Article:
The University of Saskatchewan has made Indigenous engagement a strategic priority. We are proud of what we have done and are committed to improving this university to be the best place it possibly can be for the Indigenous peoples of this province and this country.
- Co-ordinate and strengthen university-community relationships
- Increase visibility of Indigenous culture and symbols on campus
- Celebrate successes and leverage internal expertise
Our success in achieving our goals will be measured against activities that contribute to making Indigenous engagement at all levels more significant and more meaningful. We will know we are on track if, by 2017, we have:
- Increased the institutional first to second year direct-entry retention rate of Indigenous students by 10 per cent, on track to achieving the goal of Indigenous enrolment at 15 per cent of total enrolment by 2020.
- Increased the graduation rates of self-identified Indigenous students in a wider array of programs.
- Implemented a registry and/or portal documenting Indigenous initiatives, programs, services and partnerships.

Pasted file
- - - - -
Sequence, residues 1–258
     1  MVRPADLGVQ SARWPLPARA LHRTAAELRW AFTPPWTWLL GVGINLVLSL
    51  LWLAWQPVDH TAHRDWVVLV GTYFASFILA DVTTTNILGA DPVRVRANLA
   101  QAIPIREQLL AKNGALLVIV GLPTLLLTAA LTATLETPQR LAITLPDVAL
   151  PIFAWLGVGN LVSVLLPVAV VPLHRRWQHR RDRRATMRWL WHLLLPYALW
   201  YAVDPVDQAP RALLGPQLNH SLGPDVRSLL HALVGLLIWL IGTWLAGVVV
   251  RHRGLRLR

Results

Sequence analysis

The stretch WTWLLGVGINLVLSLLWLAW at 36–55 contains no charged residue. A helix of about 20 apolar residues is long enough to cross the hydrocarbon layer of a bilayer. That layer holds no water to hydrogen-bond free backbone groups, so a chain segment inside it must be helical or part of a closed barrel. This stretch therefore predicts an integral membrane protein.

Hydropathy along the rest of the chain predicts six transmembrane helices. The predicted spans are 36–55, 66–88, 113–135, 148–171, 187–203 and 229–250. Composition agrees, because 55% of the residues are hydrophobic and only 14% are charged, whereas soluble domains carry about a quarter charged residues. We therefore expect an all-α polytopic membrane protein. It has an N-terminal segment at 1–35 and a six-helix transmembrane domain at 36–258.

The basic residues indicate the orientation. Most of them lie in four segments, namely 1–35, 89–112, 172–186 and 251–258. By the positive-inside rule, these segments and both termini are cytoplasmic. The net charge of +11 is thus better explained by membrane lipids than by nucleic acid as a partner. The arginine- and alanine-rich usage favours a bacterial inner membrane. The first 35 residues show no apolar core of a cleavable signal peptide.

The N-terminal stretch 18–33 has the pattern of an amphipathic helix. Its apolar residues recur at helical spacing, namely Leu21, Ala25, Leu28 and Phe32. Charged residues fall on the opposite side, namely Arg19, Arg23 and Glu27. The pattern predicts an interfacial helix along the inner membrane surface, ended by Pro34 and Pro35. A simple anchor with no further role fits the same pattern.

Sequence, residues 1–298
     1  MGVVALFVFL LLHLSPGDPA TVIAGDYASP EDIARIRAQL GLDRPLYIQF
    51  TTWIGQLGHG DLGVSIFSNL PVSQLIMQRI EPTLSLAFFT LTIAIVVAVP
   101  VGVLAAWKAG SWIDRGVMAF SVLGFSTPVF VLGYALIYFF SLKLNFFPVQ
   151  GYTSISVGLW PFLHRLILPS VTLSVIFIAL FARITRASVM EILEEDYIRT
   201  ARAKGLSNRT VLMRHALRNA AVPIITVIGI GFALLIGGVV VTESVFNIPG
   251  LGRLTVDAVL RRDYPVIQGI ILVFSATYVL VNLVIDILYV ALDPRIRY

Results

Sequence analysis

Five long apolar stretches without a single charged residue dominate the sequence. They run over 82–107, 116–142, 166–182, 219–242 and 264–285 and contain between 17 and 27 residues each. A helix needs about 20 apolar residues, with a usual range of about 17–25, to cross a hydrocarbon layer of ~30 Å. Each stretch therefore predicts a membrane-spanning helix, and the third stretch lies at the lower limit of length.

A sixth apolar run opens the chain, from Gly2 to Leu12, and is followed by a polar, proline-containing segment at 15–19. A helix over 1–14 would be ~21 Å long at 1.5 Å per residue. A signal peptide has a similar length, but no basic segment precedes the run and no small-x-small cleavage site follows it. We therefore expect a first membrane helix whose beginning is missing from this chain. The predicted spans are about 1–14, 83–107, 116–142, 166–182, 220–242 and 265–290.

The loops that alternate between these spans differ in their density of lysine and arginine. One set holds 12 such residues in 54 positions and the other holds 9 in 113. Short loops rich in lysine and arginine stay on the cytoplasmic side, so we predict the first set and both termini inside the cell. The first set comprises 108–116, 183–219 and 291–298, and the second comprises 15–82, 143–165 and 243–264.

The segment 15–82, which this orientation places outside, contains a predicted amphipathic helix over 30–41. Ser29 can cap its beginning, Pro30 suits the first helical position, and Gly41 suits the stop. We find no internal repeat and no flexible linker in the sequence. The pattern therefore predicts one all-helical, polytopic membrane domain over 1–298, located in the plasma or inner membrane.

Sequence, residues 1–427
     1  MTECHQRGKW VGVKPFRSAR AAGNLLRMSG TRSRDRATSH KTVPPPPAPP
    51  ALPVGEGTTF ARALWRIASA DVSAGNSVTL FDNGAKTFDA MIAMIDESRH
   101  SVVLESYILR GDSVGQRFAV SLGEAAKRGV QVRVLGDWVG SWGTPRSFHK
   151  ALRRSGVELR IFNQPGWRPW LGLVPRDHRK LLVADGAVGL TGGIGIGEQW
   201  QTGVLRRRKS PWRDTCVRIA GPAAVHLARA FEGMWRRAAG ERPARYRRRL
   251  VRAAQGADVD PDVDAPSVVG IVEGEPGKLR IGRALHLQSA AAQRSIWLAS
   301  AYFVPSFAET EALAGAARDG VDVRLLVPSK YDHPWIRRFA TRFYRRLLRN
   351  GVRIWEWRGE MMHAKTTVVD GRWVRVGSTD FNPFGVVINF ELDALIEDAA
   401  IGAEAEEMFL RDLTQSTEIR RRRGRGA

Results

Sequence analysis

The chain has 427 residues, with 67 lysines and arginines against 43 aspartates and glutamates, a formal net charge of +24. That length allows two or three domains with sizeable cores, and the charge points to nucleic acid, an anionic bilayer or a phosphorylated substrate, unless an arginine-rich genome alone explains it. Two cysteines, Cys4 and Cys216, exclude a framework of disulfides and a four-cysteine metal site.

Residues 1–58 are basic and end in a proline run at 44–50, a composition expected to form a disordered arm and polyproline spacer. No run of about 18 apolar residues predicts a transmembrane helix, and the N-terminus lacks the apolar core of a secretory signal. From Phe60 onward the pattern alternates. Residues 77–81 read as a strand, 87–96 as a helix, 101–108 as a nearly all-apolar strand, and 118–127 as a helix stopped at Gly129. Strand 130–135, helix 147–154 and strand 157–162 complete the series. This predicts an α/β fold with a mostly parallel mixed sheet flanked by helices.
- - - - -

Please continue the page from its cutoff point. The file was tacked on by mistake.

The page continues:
- Increased the visibility of Indigenous culture, language and symbols throughout the campus, beginning with the Gordon Oakes Red Bear Student Centre and including institutional, college, school and unit websites, on roadways and signage, and on and within buildings.
- Established a set of prestigious awards for faculty and students to recognize scholarship, accomplishment, innovations in pedagogy and contributions to reconciliation and understanding between Indigenous peoples and newcomers in Canada.
- Established initiatives and programs that encourage and enable faculty experts and Indigenous students to engage with counterparts in other regions of the world.
- Established a baseline for courses providing undergraduate students with experiential learning through outreach and engagement involving Indigenous communities or organizations.
- Established a baseline for research partnerships or projects happening in and with Indigenous communities.